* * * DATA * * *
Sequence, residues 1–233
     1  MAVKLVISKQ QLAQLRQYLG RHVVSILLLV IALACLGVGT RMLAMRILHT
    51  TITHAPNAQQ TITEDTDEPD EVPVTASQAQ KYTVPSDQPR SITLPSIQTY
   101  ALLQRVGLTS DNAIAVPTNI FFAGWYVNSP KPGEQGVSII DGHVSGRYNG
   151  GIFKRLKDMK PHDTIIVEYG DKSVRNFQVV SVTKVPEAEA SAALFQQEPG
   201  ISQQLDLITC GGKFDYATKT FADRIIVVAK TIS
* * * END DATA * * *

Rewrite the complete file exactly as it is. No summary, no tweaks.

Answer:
Sequence, residues 1–233
     1  MAVKLVISKQ QLAQLRQYLG RHVVSILLLV IALACLGVGT RMLAMRILHT
    51  TITHAPNAQQ TITEDTDEPD EVPVTASQAQ KYTVPSDQPR SITLPSIQTY
   101  ALLQRVGLTS DNAIAVPTNI FFAGWYVNSP KPGEQGVSII DGHVSGRYNG
   151  GIFKRLKDMK PHDTIIVEYG DKSVRNFQVV SVTKVPEAEA SAALFQQEPG
   201  ISQQLDLITC GGKFDYATKT FADRIIVVAK TIS